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How are DFA sessions different from other methods?

Lately a plethora of methods exist that approach working with a person through the body and the mind. The words they all use to describe their work are very similar, no matter how different the way it is carried out. Apart from the methods, also the people who apply them are different, as for their personality, their life history, their professional background, their personal preferences… Also the different DFA practitioners apply the work they learnt in their training in different ways.

However, I believe that all DFA practitioners, as well as their clients, students and patients, agree in considering it unique, due to the way it combines its specific physical intervention with education of sensory perception. This combination makes it possible to recognize the meanings a person has associated with sensations that are taking place in the body in a continuous fluctuation informing about inner processes as well as about the person’s relationship with the environment. In this manner, people can become aware of whatever needs attention in order to feel at ease in their lives, starting from their own felt sense. The structures in the nervous system in charge of sensory perception are the first to develop. Their nature is receptive. They receive sensory information in a global manner, without differentiation.

The structures that generate ego-consciousness develop on the basis of a primitive differentiation of the sensory information into pleasant and unpleasant. Their nature is incisive, cutting into the continuous fluctuation of sensations and develop strategies to obtain pleasant sensations and avoid unpleasant ones.

The tools:

  • contraction and relaxation of muscles to execute from the most basic movements of living to the most sophisticated movements of sublime artistic expression
  • contraction of muscles in order to stop the flow of undesirable feelings, leading to habitual tension that can no longer be relaxed voluntarily.

 

The result:

  • If things go well, a person who is aware of his or her talents, and skills as well as his or her weak points, who is
  • able to regulate
    • the flow of his or her feelings,
    • the emotional and rational evaluation of the meaning s/he associates with the feelings
    • and the decisions derived from them
  • and, above all,
    • able to question the concepts developed under the initial conditions of his or her life
    • to let these concepts go, if they prove to be erroneous,
    • and to go on developing his or her skills until death.
  • However, most people remain stuck in the patterns of habitual tension and identify with the concepts they developed under the conditions of the first months and years of their lives, with little awareness of their abilities to generate their own well-being and a satisfactory life beyond the limitations of their pattern. They lose touch with the most important source of information that makes it possible to develop their skills and talents, so that as time goes by, it becomes less and less accessible and is lost altogether with old age.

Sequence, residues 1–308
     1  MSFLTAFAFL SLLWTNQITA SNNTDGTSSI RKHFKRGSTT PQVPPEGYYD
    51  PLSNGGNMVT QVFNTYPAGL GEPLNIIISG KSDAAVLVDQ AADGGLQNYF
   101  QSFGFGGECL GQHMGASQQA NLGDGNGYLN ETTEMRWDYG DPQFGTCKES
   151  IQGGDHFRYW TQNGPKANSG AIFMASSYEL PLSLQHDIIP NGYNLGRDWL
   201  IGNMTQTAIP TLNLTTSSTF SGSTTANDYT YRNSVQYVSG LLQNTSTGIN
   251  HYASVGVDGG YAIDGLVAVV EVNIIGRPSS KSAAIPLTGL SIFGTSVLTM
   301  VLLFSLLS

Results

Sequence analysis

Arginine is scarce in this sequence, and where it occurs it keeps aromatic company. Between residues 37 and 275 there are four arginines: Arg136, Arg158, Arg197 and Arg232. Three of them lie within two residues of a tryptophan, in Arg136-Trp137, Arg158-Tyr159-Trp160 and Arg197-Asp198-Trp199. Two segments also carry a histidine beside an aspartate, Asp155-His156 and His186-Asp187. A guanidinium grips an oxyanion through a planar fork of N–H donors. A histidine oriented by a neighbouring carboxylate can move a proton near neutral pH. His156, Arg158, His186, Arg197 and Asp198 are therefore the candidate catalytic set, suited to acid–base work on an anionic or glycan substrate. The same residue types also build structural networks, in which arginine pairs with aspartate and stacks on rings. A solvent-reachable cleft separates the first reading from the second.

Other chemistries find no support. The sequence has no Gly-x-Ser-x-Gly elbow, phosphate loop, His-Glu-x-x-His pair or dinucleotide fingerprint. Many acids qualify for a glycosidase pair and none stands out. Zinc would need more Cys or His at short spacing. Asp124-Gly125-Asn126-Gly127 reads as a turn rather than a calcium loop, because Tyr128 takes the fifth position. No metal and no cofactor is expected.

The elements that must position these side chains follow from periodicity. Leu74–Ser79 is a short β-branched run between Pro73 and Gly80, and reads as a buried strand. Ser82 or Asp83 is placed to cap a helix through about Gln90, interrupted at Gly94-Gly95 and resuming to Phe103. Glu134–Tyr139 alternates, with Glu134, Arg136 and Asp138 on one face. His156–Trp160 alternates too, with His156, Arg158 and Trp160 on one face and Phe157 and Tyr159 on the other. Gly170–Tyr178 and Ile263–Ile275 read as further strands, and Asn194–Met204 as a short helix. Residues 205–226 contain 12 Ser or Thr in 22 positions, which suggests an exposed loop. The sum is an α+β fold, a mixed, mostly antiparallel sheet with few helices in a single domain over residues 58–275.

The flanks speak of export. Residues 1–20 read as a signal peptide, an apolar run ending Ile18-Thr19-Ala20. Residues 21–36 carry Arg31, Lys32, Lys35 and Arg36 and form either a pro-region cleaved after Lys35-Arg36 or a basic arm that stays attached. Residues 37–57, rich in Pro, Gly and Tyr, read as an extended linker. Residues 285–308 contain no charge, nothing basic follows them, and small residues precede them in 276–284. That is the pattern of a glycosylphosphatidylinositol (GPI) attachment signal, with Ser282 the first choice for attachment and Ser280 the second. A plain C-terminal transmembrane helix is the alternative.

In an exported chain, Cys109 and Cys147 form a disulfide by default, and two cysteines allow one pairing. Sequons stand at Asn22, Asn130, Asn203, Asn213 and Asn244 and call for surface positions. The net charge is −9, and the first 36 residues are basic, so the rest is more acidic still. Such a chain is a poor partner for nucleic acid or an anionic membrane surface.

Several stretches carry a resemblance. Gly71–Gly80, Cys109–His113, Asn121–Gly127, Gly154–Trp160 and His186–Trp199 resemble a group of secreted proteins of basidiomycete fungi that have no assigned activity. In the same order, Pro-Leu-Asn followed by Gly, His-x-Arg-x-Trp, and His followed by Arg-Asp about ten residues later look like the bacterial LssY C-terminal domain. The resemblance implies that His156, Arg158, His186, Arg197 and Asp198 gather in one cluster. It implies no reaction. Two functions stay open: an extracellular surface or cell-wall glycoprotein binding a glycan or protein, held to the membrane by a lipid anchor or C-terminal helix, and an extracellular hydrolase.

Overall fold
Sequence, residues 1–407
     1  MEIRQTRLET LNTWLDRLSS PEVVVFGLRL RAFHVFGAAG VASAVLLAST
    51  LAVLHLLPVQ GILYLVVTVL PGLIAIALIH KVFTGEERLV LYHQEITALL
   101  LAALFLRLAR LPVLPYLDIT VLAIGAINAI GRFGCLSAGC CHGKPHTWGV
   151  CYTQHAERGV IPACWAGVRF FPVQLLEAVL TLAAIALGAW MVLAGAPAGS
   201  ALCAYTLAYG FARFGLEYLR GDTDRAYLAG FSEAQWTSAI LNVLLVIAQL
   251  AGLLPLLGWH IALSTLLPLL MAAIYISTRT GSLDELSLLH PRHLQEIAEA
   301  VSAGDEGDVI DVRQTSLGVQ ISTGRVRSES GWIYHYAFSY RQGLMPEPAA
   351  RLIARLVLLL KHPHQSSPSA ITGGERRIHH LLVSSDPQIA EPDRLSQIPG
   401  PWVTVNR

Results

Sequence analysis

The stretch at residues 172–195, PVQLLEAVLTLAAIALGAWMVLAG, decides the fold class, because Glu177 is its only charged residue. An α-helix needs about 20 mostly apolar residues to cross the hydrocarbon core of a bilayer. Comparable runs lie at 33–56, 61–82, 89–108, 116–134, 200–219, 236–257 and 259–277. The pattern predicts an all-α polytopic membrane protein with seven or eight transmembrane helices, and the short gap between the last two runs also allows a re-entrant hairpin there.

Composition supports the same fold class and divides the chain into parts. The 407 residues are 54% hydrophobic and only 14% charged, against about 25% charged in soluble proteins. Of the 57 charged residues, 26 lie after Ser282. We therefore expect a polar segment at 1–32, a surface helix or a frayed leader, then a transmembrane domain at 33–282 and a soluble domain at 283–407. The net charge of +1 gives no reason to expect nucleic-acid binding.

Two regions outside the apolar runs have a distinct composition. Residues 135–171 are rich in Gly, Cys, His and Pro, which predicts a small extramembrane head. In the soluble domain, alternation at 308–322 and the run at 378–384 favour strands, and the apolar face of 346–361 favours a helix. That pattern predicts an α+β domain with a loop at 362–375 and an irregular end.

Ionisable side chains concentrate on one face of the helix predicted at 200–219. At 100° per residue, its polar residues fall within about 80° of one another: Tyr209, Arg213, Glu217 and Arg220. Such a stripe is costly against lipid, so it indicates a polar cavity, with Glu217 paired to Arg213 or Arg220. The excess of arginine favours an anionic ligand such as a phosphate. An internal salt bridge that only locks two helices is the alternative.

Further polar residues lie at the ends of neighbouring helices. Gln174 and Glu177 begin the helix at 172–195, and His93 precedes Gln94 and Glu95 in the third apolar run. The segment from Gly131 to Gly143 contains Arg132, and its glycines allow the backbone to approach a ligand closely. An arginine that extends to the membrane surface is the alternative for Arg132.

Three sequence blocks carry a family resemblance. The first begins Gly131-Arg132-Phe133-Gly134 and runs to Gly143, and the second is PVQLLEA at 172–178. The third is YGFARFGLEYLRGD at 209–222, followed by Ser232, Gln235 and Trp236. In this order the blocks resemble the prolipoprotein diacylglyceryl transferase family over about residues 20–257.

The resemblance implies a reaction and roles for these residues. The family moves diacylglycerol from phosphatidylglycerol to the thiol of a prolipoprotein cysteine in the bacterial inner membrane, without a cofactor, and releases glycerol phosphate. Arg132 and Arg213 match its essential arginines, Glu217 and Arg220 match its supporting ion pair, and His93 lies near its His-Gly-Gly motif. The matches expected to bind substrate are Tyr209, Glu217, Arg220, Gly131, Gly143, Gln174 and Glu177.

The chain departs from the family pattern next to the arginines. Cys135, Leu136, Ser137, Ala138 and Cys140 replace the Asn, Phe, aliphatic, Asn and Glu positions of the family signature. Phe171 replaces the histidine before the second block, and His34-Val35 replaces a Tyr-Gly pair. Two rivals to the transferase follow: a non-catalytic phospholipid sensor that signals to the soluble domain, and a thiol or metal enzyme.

DFA fosters cooperation between both aspects so that

  • instead of cutting off feelings or sensations that are deemed undesirable, in order to try to get rid of them, the person learns to embrace them in order to be able to understand the information they deliver and act coherently to be effective in bringing about a result that leads to satisfaction and to being able to advance towards taking the next step.
  • instead of being incisive in order to hold on to the wellbeing of a given moment and losing it precisely for that reason, the person learns to embrace it in order to enjoy it fully and “kiss it as it flies by” as the poet William Blake states.

Other than the coordinates of the gravitational field as an objective frame of reference – the vertical and the horizontal-, DFA does not apply any typologies or systems of decodification, nor does it establish any diagnosis. Instead it trains the person’s receptive and incisive faculties to enable them to discover from inside what is needed without having to submit to any external system, for well proven and valid it may be.

Although many of the elements of the work with DFA Somatic Pattern Recognition belong to a cognitive-behavioral context, its creators Annie B. Duggan and Janie French as well as many of the DFA practitioners they trained consider it closely related to the process of individuation as described in Jungian psychology. Archetypes are force fields that are comparable to the gravitational field of Earth. The stages of development we are in at a given moment in life and the functions we fulfill in family, at work or in society are constrained by universal qualities that are inherent in each stage, each function. We live under their archetypal mandate, normaly without being aware of it. But it is possible to develop the sensitivity that makes it possible to perceive the archetypal demands of each vital moment through the effect they have our lives in order to be able to find, moment to moment, the way to relate to them that offers the best results for a life lived fully.

DFA establishes and restores connections in the nervous system and improves tissue hydration, fostering the liquid crystalline organization of hydration water which allows for ultrafast transmission of sensory information, from the superficial structures of the body to the inside of cell nuclei in every nook and cranny of the organism, that can be gathered and processed by the nervous system.

Therefore, with its typical hands-on intervention in combination with the education of sensory perception, DFA fosters an optimal flow of information through the entire organism and enables the person to gather and process this information for creating a healthy and happy life.

How are DFA sessions different from other methods?